Friday, January 19, 2007

Nice To Be Listened To

A couple of really good articles on the latest in developments of corrections sentencing reform in CA, the very real threat of court order and prison pop caps (along with unbelievable expenses already incurred by the state just in anticipation) and the recognitions by Dem legislators there that the traditional kind of sentencing commission will likely be worse than a waste of time. The latter even say what I proposed here a long time ago, that CA's new commission have the power to do regulating barring an explicit overturning by the legislature. Of course it has drawn the mindless, knee-jerk, malinformed opposition of some legislators already:

Republican lawmakers are particularly leery, suggesting that sentencing reform is merely a covert attempt to shorten criminal sentences. Assembly Republican leader Michael Villines of Clovis is among the wary, saying that the problem with the prisons is not the sentencing system but a lack of beds.

"We will stand firm in defending the integrity of our state's public safety laws," Villines said, "and will resist any effort to return California to the failed soft-on-crime policies of the past."

Overall, the articles are great, but here's the question that doesn't seem to get asked here, which should have been the immediate response to the sound bite of the legislator above. Where is evidence that prison is the best option? Seriously, where is it? What shows that the states which imprison at the levels of the CO's, the TX's, my own OK actually have lower crime rates than the states that don't? If they don't, then why is the option that costs us the most get such devotion?

Why doesn't this get asked?

CA recid rates demonstrate failure at rate that would not be tolerated in any business in America. Why is such failure not only tolerated but insisted upon, especially by a political party that always emphasizes "running government like a business"? Why is there such opposition to alternatives that have demonstrated both better public safety and lower costs? Why insist that those alternatives are “soft on crime” when the CA prisons are the state’s most successful program at perpetuating crime?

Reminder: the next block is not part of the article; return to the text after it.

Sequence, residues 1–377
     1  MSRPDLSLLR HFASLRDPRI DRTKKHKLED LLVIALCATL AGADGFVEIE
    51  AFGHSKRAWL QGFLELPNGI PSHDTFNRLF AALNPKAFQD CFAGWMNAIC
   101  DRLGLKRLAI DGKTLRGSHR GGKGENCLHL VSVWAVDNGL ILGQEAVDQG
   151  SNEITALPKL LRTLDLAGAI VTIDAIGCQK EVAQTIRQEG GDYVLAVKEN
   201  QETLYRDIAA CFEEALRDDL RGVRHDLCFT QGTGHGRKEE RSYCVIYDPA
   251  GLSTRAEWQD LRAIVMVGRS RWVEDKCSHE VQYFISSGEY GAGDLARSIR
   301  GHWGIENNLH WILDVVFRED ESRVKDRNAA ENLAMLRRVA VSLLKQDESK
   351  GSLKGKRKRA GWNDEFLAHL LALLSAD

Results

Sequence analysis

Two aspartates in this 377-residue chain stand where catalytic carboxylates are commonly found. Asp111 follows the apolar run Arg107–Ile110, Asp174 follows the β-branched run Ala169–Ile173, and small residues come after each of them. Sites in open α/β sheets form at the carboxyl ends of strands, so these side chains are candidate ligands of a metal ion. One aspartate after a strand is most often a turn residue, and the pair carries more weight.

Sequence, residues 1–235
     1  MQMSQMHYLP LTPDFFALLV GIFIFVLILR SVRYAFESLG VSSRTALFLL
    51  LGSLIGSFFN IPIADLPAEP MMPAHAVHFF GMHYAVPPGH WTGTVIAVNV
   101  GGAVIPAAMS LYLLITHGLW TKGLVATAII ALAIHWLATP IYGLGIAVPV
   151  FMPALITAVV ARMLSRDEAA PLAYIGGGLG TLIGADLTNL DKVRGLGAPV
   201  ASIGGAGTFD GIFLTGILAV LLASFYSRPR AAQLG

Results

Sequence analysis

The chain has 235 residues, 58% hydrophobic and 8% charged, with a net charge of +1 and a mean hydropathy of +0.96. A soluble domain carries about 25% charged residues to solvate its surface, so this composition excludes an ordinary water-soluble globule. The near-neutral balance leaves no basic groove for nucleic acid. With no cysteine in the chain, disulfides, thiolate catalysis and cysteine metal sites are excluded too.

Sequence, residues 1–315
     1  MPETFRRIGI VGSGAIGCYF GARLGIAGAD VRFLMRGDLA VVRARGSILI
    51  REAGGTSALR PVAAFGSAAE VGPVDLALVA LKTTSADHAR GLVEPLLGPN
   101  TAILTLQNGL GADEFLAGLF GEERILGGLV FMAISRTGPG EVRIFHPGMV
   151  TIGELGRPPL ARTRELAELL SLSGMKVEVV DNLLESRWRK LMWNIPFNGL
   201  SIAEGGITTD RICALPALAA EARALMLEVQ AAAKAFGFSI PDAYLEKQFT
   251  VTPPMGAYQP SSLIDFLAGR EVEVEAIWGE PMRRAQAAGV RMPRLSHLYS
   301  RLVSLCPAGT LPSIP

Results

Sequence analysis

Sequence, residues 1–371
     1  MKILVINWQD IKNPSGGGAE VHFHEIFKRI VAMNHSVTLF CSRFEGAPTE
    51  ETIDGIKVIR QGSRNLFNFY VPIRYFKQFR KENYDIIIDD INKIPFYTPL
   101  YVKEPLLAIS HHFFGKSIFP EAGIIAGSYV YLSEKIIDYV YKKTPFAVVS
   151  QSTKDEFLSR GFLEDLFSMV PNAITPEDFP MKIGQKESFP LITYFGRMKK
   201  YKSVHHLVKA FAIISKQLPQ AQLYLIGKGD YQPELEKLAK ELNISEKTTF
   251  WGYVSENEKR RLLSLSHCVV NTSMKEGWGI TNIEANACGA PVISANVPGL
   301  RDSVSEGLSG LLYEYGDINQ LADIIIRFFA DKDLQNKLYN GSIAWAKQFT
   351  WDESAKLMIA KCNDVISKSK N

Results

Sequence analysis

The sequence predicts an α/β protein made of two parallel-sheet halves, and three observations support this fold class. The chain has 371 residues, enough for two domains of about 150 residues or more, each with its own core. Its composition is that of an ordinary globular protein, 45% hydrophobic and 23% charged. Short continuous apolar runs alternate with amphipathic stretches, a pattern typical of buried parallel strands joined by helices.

We know the answer: expressive justice, the willingness to pay for expressions of outrage. Then maybe the answer is to have the CA opponents actually have to pay for their outrage instead of charging it to us. There are several systems that could force some or all of the costs of their outrage back on them--what MN does with its juvy system, quotas on how many offenders counties can send, giving vouchers to counties and letting them use any savings in their own general budgets. Make the opponents and their constituents actually have to pay for it instead of some unseen folks in Sacramento. They want to send people to demonstrably failing prisons? Fine, it’s a democracy. Just stop slipping the bill off to people who might want to put that money on demonstrably effective public safety in all its aspects, not just those that give the "soft on crime" sophists goosebumps.

I think the long-term thing that’s most disturbing about the knee-jerk negative reaction to the thought of not using failing prisons as much isn’t even the way it diverts resources from crime and victimization prevention that do work. It’s that it’s the clearest possible sign that we as a society have just given up, that we see no possibility of doing better, of being better. I’m more often accused of cynicism (which I call realism) than I am of idealism, but there is nothing more cynical than a policy that says prisons are the only way to deal with crime and illegality.

It’s not that that’s just demonstrably wrong, it’s that that sums up everything we’ve become as a society in the last few decades. Excessive imprisonment and its ideological advocates are just symptoms of this sickness we’ve been suffering, the true cynicism and irony that have infected everything we do, not just corrections and sentencing. I’ve mentioned that the Governator out there has apparently figured out that, even if he can’t be Pres, he can carve himself a place in world history from the position he has on a variety of topics. Well, if Governor Terminator can terminate this cynicism and the self-defeating and –defeated view we have taken to making this place as good as humans are capable, if he can cultivate “the wisdom to know the difference” and motivate CA to show the way on one of the chief carcinogenics in our system, corrections sentencing, then that place in history could really be his.

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